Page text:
- Post 01 December 2016
The prohibitive cost of the test device and the lack of manpower to operate it are the factors leading to the delay in NAAT implementation in the state.
NAAT, which was approved for use in 2002 by the FDA, can detect HIV infections in blood donors earlier than other screening tests because it detects viral genes rather than antibodies or antigens.
The appearance of antibodies, which happens after an infected donor's immune system responds to the virus, requires time. Similarly, detection of antigens also requires time as it needs a higher level of virus to appear in the bloodstream. In both cases, a 'window period' is created during which a donor can be infected but test negative for HIV.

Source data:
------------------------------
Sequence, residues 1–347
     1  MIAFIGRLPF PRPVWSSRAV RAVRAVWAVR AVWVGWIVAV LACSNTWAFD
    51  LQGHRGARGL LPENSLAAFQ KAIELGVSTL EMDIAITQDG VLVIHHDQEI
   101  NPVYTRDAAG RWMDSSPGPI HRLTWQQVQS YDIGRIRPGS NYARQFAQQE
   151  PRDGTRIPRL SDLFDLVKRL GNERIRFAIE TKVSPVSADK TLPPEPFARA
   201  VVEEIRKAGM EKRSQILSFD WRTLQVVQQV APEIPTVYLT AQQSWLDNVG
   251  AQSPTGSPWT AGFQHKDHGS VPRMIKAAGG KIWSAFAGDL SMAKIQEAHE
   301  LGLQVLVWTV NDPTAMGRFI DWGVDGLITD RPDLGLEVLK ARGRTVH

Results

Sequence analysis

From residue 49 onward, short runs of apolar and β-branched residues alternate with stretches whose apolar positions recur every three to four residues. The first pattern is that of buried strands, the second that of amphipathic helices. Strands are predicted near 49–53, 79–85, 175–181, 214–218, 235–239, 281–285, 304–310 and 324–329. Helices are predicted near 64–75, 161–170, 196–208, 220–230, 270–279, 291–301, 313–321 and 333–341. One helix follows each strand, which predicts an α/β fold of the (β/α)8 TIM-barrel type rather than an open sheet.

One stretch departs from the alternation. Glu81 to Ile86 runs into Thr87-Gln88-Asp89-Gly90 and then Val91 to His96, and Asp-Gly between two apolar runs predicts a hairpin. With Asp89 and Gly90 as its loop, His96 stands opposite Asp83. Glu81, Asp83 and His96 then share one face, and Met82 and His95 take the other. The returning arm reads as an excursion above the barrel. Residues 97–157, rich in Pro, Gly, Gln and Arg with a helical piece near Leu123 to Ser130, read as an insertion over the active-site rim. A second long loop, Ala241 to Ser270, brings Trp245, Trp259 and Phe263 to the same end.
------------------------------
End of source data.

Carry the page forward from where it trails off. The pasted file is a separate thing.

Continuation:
On Tuesday, a source told TOI that the state government was ready to start NAAT in government hospitals but would need the Centre's help to install the sophisticated testing device.
TOI has learned that in 2015 a proposal had been sent to the state government to make NAAT available in government hospitals and blood banks but not much headway has been made.
"Besides the cost, NAAT requires expert handling. Assam lacks the resources to operate the device," said an expert.
The NAAT machine costs around Rs 2 to 3 crore.